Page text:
Medication to Quit Smoking

By Sarah Malka, MD
Medically reviewed
October 14, 2021

Everyone’s journey to become smoke free is different. For some, going cold turkey works best.

For others, the nicotine in tobacco products is too addictive, and they are most successful when they use medication formulated to dampen cravings for cigarettes and reduce withdrawal symptoms.

And some prefer nicotine replacement therapies, which provide nicotine in controlled doses when needed, allowing you to wean yourself from the chemical.

Each option has pros and cons, and in the end, what works for one person will not work for another.

Only you can determine the best way for you to quit.

In this article, I’ll go over the different prescription medications for smoking cessation, including bupropion, varenicline, nortriptyline, and clonidine.

I’ll also discuss the various over-the-counter (OTC) nicotine replacement therapies.

When you create your quit plan, talk to your healthcare provider, who can help you determine the best medications for you.

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Prescription Medication

Using prescription quit-smoking medication for at least five weeks may increase the chance of quitting for good.

The most commonly prescribed medications are bupropion and varenicline, though other drugs may be prescribed off-label for smoking cessation. 

Bupropion (Zyban)

Bupropion (Zyban) is an antidepressant medication that is primarily used to treat major depressive disorder and seasonal affective disorder.

In 1997, it was approved as the first anti-nicotine medication.

It works by inhibiting the neural reabsorption of the neurotransmitters norepinephrine and dopamine.

This helps reduce nicotine cravings and symptoms of withdrawal, whether or not someone is taking bupropion for depression. 

For smoking cessation, it’s best to start taking bupropion 1-2 weeks before your quit date and continue for 7-12 weeks after that.

However, in some instances, your healthcare provider may recommend taking bupropion for longer.

Side effects

Take bupropion as directed by your healthcare provider and consult them if you experience any severe side effects. The most common side effects of bupropion include:

In some cases, bupropion may trigger depression, suicidal thoughts, or attempts to commit suicide.

Stop taking bupropion and contact your doctor immediately if you experience: 

  • Thoughts about harming yourself
  • New or worsening depression
  • Unusual aggression

Bupropion is not appropriate for everyone. Talk to your doctor if:

  • You are younger than 18 years old
  • You are pregnant
  • You have a history of seizures
  • You have a history of eating disorders
  • You have bipolar or manic-depressive disorders
  • You take a monoamine oxidase (MAO) inhibitor
  • You drink heavily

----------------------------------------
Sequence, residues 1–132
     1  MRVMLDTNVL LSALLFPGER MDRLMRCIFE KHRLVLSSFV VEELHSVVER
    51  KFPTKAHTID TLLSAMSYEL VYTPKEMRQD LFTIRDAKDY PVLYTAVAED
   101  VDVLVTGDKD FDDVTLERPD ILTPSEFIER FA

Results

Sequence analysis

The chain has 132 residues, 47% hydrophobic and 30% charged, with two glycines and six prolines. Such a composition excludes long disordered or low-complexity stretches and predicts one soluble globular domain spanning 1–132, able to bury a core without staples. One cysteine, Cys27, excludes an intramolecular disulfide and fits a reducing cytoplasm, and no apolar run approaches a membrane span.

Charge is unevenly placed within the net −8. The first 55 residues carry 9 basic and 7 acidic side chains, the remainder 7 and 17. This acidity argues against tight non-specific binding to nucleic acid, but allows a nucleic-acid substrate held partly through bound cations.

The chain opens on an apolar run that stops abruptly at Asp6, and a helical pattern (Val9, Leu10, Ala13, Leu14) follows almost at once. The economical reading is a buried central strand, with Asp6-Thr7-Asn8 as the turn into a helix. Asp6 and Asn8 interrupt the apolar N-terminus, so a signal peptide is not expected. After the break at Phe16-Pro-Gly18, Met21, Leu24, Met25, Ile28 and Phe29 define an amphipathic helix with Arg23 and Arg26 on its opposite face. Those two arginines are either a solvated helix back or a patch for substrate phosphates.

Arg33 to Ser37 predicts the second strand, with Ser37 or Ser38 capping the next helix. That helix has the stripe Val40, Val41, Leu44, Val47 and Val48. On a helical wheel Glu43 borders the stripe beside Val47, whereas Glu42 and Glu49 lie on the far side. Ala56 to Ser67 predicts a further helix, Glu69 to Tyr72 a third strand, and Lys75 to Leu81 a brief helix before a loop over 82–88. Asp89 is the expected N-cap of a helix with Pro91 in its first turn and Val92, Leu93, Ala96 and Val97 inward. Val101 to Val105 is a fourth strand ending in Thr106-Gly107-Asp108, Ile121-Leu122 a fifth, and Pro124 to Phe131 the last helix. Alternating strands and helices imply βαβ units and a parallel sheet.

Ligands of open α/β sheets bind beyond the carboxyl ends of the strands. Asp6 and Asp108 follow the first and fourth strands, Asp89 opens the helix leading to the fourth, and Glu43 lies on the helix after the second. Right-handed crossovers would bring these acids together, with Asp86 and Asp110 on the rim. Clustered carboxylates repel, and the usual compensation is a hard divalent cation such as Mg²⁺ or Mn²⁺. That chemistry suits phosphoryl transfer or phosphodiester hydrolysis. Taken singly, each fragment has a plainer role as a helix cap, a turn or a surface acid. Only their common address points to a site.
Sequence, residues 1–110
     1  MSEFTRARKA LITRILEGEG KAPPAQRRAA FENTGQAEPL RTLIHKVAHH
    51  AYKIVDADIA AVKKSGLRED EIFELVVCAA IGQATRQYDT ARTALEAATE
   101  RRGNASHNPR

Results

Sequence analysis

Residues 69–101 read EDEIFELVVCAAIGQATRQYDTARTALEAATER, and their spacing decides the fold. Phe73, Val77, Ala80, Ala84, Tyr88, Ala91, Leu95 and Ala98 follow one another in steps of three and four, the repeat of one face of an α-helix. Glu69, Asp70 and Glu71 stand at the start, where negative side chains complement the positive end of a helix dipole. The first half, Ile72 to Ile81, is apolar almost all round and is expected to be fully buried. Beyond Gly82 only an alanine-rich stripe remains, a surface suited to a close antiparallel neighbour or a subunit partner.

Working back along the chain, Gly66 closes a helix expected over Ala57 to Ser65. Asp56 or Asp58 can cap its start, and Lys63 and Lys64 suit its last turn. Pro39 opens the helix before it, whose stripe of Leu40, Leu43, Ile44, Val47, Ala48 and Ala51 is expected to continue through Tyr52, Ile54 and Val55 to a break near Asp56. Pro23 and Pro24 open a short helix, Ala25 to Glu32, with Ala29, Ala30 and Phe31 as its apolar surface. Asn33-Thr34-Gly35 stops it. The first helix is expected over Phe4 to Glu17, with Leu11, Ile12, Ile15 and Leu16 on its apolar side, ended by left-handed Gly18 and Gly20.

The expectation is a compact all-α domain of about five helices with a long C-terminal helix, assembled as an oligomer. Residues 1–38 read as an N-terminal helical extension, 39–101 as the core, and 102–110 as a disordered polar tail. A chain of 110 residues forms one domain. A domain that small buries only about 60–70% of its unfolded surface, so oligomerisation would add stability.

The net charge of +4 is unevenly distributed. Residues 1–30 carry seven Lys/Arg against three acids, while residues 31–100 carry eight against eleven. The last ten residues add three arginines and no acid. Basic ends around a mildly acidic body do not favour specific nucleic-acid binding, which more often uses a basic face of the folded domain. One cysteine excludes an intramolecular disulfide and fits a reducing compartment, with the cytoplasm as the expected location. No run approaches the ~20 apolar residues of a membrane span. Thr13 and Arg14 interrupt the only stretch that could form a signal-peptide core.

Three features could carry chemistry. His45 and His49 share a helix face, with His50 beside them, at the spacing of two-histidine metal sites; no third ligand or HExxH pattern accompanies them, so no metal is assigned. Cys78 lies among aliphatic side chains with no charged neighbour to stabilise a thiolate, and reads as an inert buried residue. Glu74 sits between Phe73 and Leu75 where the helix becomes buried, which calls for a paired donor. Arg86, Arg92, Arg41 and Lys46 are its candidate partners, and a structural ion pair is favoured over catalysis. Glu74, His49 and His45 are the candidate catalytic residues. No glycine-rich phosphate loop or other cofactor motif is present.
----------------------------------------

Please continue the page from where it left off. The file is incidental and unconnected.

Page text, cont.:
Varenicline (Chantix)

Varenicline (Chantix) is a non-nicotine drug that blocks the effects of nicotine on the brain.

Dampening the feelings of euphoria created by nicotine helps decrease cravings for cigarettes and reduces withdrawal symptoms.

It also means that if you pick up the habit again, you’ll derive less pleasure from cigarettes.

There are three ways to take varenicline:

  • Pick a quit date and start the medication one week beforehand.
  • Start taking the medication and pick a quit date in the next four weeks.
  • Start taking the medication and slowly cut back on smoking in the next 12 weeks.

Side effects

Most people don’t experience side effects with varenicline.

When they do occur, they include:

  • Nausea
  • Insomnia
  • Headache
  • Vivid dreams
  • Trouble sleeping
  • Constipation
  • Gas

In some cases, varenicline may trigger depression, suicidal thoughts, or attempts to commit suicide.

Stop taking varenicline and contact your doctor immediately if you experience: 

  • Thoughts about harming yourself
  • New or worsening depression
  • Unusual aggression

Varenicline is not for everyone.

Talk to your doctor if:

  • You are younger than 18 years old
  • You are using nicotine replacement therapy such as nicotine gum, patches, lozenges, inhalers, or nasal sprays

Varenicline may increase the risk of stroke or heart attack, so talk to your doctor if you have any heart or blood vessel conditions, or if you experience any symptoms of a stroke or heart attack.

Nortriptyline

Nortriptyline (Pamelor) is an antidepressant medication.

Although it is not FDA approved to help with smoking cessation, one review suggests it may be as effective as bupropion or nicotine replacement therapies.

Nortriptyline is a second-line treatment, meaning it’s used if other medications or treatments don’t work, stop working, or cause unbearable side effects.

It’s best to start nortriptyline 10-28 days before your quit date. Most people using nortriptyline for smoking cessation take it for 8-12 weeks.

Side effects

The most common side effects of nortriptyline include:

  • Dry mouth
  • Lightheadedness
  • Blurred vision
  • Shaky hands
  • Drowsiness

Nortriptyline is not for everyone. Talk to your doctor if:

  • You are younger than 18 years old
  • You are pregnant
  • You have cardiovascular disease